On February 9th, 2016, I wrote the article: “Bank of America Stock: Getting Dirt Cheap” in which I argued:
But when the earnings are so high relative to the price of the stock, why would you discard it now? This is the fun part–the rocket is about take off. Whether it happens quickly or takes a few years shouldn’t matter, as the magnitude of the waiting capital gains is so substantial that it is worth the opportunity cost of an extended delay for the market to price it accordingly.
What caught my attention at the time is that it was making $17 billion in net profits while only being valued at $160 billion. I thought this made the stock quite cheap. It remained unfashionable for a while because the dividend payment was so low at only 15% of profits. People buying Bank of America only got a 1% starting dividend yield, and had to deal with a five-year track record of near perpetual mortgage settlements.
Yet, the stock has now risen 91% this year. It is one of the top five performers in the entire S&P 500. When I read specific commentary about the bank as an investment, many investors ranged from hostile to tepid in their attitudes towards the bank.
The thought process could be summed up as: “It traded at $19 in 2010. It trades at $16 in the start of 2016. Why won’t it go up? Why won’t the mortgage settlements stop? This stock is dead money!”
I didn’t share that view because I saw the profits keep improving. When it traded at $19 in 2010, it was earning a penny per share in profit. The mortgage settlements consumed all of the bank’s potential profits. Between 2014 and 2015, there was a shift. The mortgage settlement litigation still ate into profits, but the issue was shifting to the periphery–earnings of $0.36 in 2014 had grown to $1.31 in 2015. By 2016, the earnings rose to $1.48. Furthermore, the possibility of raising rates would add billions in profits to the net income ledger.
While the stock price languished, the profits were growing and growing. That is a great place to be as an investor because an extended streak of earnings growth eclipsing stock price growth is one of the greatest indicators of significant capital gains ahead.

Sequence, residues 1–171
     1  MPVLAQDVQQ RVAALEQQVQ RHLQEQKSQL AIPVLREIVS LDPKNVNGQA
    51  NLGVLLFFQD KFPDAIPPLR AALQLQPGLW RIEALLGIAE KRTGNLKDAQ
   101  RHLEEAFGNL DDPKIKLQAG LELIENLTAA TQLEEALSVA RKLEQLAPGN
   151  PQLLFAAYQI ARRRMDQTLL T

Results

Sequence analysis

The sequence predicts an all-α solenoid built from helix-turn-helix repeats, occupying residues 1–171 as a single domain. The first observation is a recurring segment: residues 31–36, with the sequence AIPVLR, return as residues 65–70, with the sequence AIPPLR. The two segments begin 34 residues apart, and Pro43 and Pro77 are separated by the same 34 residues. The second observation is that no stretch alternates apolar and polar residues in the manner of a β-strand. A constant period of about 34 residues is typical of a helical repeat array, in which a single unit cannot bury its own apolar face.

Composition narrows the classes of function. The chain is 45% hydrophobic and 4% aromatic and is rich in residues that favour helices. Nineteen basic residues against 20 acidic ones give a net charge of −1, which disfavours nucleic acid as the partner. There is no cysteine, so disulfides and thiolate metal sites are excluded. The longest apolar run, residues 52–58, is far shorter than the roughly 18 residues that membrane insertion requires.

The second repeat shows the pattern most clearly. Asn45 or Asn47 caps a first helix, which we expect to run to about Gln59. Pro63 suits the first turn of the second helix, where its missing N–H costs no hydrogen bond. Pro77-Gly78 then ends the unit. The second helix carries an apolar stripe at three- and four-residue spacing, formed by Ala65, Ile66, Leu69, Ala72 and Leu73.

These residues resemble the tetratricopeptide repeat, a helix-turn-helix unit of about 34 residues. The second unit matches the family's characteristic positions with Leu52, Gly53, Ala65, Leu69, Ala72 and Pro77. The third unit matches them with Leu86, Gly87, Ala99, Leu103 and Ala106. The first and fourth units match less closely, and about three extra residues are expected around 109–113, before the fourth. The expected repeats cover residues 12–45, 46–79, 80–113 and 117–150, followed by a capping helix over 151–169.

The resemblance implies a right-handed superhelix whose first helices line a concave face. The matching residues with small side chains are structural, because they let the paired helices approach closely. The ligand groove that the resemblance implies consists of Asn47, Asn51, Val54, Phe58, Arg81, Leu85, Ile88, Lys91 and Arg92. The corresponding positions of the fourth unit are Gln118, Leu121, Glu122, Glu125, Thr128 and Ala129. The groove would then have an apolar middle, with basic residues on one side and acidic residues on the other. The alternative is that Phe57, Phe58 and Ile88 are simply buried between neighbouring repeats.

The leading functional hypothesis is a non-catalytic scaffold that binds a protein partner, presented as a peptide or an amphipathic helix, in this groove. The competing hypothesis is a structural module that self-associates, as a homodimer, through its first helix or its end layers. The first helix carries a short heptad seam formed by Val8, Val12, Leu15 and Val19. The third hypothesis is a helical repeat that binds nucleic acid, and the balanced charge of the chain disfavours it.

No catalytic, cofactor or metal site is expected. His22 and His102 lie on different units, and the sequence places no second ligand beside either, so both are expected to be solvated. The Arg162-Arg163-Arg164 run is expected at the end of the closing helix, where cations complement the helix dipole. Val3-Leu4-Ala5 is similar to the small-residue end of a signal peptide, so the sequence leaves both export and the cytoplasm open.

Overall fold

There are a lot of people out there who use trailing three, five, and ten year returns as a basis for investment, thinking that the excellent recent performers will be excellent future performers and the poor stocks in the recent past will remain so. Anytime you evaluate a stock in light of performance, you have to be focused on the earnings side of the equation.
With Bank of America, the earnings kept growing while the stock price remained stagnant. Heck, it was trading at $16 compared to $24 in book value. Now that the stock has shot up to $23, that discount is gone. My love affair with Bank of America as a “buy, buy, buy” has ended this month because future returns will mimic business performance. You don’t get that big boost from justified valuation expansion anymore.
The good news is that this story plays out over and over again in the stock market. I see people lamenting Gilead Sciences because its stock price has gone from $125 to $73 in the past two years. They use that price change as “proof” that it is a bad stock. I don’t see it that way–it’s a coiling spring, just like Bank of America had been these past few years. The P/E ratio for the stock is 6. That is not sustainable. This is an example of pessimism creating an attractive valuation.
A word on timing. Although I called Bank of America dirt cheap in February 2016, that was not the first time I noticed that the stock was trading at a steep discount. I thought it was cheap in 2015, 2014, 2013, and I may have even covered it favorably in 2012. Don’t expect a stock’s undervaluation to cure itself overnight. It took three to four years for my initial observations about Bank of America to pay off in the eyes of Mr. Market. I can’t ever tell you the “when”, but I can offer you my best estimates about the “what.”